Come over for Chinese !
This post is long overdue. We have spent the last month (February) swinging between school lunch making, FebFast (total failure), birthday parties, and reunions. So cooking has been a mixture of late summer salads, pancakes, easy grilled dinners and last but not least, Asian inspired feasts in honour of Chinese New Year. Obsessed with dumplings, I have dragged Terry to numerous dumpling houses in our area in search of the best Xia Long Bao (soup dumpling) and so wrapped in Asian cooking that I was, our February guests had no choice but tasting my take on Chinese fare, not once, but 3 times! I must say they have been very good sports, slurping cold noodle and duck salad, minced beef stir-fry, and my own version of dumpling soups. Some of it has been experimental (i.e hit and miss like a char sui roast pork), others better received ( everyone loves deep fried money bags!)
What follows are the stand out dishes of the month, the ones most likely to feature again on the menu: Minced Fish in Lettuce Cups (Chinese dinner #2), Prawns with XO Sauce (Chinese Dinner # 3), Chicken with Lily Flower and Dried Mushrooms (Chinese Dinner # 2), and Pandan Tapioca Pearl pudding (Chinese Dinner #1)
Minced Fish in lettuce cups
Try as I might to be authentic, the availability of ingredients (or lack thereof) played a major part in the finished dishes, hence the twist on some classic. This is a typical example. Similar to Sang Choy Bow, which uses chicken or pork, this dish is equally delicious with fish ( I used wahoo fillets) served hot or cold.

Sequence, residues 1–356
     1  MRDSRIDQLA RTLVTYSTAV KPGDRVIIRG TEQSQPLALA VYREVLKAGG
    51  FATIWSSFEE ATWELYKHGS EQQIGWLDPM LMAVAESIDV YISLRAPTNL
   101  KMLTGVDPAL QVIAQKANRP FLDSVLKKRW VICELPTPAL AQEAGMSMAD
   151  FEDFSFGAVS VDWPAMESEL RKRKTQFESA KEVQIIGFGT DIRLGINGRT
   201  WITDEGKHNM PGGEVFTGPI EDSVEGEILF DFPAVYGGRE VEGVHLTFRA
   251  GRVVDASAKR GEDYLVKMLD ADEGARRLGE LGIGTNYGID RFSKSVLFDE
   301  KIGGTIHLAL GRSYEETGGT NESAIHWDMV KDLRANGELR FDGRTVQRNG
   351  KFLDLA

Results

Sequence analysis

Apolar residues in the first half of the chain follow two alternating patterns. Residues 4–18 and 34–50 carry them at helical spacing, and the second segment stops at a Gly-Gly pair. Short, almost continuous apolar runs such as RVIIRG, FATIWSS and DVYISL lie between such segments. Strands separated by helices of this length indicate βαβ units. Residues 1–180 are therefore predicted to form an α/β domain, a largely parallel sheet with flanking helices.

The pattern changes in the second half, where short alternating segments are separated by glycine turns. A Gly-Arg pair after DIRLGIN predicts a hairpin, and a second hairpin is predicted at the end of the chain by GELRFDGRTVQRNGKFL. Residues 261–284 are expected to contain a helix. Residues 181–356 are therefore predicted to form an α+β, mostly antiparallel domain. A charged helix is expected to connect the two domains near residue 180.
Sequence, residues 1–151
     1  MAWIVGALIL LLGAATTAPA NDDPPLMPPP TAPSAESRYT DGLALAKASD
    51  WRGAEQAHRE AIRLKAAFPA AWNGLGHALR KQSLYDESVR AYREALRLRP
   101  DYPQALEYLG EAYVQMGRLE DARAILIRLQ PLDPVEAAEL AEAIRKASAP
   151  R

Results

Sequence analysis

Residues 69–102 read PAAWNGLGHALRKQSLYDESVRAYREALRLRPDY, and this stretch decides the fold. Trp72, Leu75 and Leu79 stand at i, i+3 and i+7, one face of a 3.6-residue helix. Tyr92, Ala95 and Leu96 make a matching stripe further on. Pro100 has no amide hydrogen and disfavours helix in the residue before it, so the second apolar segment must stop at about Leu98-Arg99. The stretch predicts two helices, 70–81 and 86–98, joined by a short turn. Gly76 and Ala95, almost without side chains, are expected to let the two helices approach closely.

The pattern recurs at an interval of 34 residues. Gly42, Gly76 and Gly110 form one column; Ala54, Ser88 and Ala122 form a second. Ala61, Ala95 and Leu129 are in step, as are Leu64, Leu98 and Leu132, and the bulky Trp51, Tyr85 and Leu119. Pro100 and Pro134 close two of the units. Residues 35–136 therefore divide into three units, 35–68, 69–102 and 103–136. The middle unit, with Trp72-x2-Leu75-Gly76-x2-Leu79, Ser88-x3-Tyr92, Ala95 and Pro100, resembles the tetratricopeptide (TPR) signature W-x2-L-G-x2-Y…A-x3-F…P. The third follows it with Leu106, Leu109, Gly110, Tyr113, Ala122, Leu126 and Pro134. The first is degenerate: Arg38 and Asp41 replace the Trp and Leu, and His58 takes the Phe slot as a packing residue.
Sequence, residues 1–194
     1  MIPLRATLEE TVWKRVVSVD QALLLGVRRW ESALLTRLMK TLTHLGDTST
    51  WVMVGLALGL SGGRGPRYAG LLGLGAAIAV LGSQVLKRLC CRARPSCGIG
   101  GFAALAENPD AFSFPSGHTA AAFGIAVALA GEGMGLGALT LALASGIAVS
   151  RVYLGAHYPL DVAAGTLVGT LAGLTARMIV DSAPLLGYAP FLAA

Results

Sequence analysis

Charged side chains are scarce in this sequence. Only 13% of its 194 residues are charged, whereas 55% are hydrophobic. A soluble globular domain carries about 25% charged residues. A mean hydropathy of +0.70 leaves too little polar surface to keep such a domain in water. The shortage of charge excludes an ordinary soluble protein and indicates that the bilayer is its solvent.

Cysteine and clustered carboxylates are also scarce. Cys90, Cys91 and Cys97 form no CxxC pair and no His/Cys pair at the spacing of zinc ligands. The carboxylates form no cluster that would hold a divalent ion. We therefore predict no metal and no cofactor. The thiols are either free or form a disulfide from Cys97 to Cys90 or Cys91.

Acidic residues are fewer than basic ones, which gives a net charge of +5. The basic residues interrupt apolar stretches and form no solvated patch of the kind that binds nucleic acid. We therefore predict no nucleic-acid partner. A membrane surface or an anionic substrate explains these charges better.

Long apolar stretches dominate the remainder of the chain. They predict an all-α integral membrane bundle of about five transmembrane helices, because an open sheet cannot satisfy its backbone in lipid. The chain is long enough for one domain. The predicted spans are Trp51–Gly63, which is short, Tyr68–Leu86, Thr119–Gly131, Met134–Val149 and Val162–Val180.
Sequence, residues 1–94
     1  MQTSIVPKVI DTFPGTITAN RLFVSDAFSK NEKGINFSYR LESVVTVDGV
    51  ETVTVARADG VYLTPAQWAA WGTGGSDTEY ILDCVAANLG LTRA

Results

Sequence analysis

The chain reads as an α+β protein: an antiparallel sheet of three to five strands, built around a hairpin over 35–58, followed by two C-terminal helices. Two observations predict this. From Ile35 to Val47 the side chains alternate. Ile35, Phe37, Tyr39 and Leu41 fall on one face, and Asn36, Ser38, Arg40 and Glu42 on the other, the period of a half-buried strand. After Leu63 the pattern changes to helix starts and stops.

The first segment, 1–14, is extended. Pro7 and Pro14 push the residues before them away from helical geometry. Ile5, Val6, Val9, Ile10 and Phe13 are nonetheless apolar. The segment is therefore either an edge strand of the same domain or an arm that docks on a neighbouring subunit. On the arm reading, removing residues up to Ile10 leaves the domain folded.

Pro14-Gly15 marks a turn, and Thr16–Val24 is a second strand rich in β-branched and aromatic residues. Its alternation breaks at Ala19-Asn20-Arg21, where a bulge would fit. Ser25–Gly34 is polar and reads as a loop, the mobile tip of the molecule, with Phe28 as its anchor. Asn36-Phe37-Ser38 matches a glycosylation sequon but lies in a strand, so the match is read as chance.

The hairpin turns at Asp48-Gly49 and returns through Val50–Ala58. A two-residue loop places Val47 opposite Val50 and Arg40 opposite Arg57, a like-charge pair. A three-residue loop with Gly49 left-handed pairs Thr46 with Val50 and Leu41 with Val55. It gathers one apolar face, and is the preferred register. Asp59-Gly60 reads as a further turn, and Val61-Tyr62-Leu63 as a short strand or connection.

Serves 8 as entrée
800g white fish fillets (wahoo, snapper, mahi mahi…), skinned
3 tbsp lemon or lime juice
2 tbsp fish sauce
2 tbsp water
3 tbsp finely chopped green spring onions (shallots)
3 tbsp finely chopped coriander leaves
½ cup chopped celery
3 tbsp sweet chili sauce
Salt and pepper
8 baby cos lettuce leaves (iceberg lettuce leaves are good too)
Dried shallots, to garnish
- Mince the fish fillets in a food processor. Combine fish, lemon or lime juice, fish sauce and water in a wok or frying pan over high heat and bring to the boil. Break up the fish using a wooden spoon and simmer 2 or 3 minutes.
- Place fish in a bowl and mix in with spring onions, coriander, celery and sweet chili sauce. Season to taste. Divide mixture among the lettuce leaves and serve.
Prawns with XO sauce
XO sauce is one of our favourite chinese condiment. It is made with dried scallops and dried prawns, packed with seasonings such as chili and garlic and is used to enhance stir fried dishes like beef, tofu, chicken or seafood. You can find it in Asian food stores, though I discovered that none of the shops in my area had it, and I had to ask one of our guests to buy it for me in Chinatown (where everything is available, so I am planning an Asian grocery shopping trip there very soon to stock up the galley). Homemade XO sauce tastes immensely better than store bought one, but since sourcing the ingredients is just as challenging as buying a jar of the stuff, I am sticking to the commercial version for now. A word of caution: this sauce is seafood based, so unsuitable for any one allergic to shellfish. This is the case of our son, who loves the aroma of it but sadly will never taste its spicy delights.